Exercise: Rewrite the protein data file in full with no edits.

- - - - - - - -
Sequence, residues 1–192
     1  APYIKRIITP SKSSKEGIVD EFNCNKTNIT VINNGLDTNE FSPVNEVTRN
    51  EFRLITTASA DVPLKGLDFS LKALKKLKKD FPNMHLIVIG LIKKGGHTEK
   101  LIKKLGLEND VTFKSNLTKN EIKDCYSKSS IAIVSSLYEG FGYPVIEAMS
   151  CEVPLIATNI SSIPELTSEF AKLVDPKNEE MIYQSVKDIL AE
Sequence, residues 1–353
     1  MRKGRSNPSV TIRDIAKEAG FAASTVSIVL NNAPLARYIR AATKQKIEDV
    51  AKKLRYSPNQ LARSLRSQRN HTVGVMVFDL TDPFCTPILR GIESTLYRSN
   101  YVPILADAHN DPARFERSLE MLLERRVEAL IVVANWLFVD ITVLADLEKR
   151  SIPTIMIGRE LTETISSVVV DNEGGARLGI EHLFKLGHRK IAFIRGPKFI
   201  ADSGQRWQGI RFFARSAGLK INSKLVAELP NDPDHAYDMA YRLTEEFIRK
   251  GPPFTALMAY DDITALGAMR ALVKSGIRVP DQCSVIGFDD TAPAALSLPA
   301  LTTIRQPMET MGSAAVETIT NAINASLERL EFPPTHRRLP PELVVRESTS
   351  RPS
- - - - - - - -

Sequence, residues 1–192
     1  APYIKRIITP SKSSKEGIVD EFNCNKTNIT VINNGLDTNE FSPVNEVTRN
    51  EFRLITTASA DVPLKGLDFS LKALKKLKKD FPNMHLIVIG LIKKGGHTEK
   101  LIKKLGLEND VTFKSNLTKN EIKDCYSKSS IAIVSSLYEG FGYPVIEAMS
   151  CEVPLIATNI SSIPELTSEF AKLVDPKNEE MIYQSVKDIL AE
Sequence, residues 1–353
     1  MRKGRSNPSV TIRDIAKEAG FAASTVSIVL NNAPLARYIR AATKQKIEDV
    51  AKKLRYSPNQ LARSLRSQRN HTVGVMVFDL TDPFCTPILR GIESTLYRSN
   101  YVPILADAHN DPARFERSLE MLLERRVEAL IVVANWLFVD ITVLADLEKR
   151  SIPTIMIGRE LTETISSVVV DNEGGARLGI EHLFKLGHRK IAFIRGPKFI
   201  ADSGQRWQGI RFFARSAGLK INSKLVAELP NDPDHAYDMA YRLTEEFIRK
   251  GPPFTALMAY DDITALGAMR ALVKSGIRVP DQCSVIGFDD TAPAALSLPA
   301  LTTIRQPMET MGSAAVETIT NAINASLERL EFPPTHRRLP PELVVRESTS
   351  RPS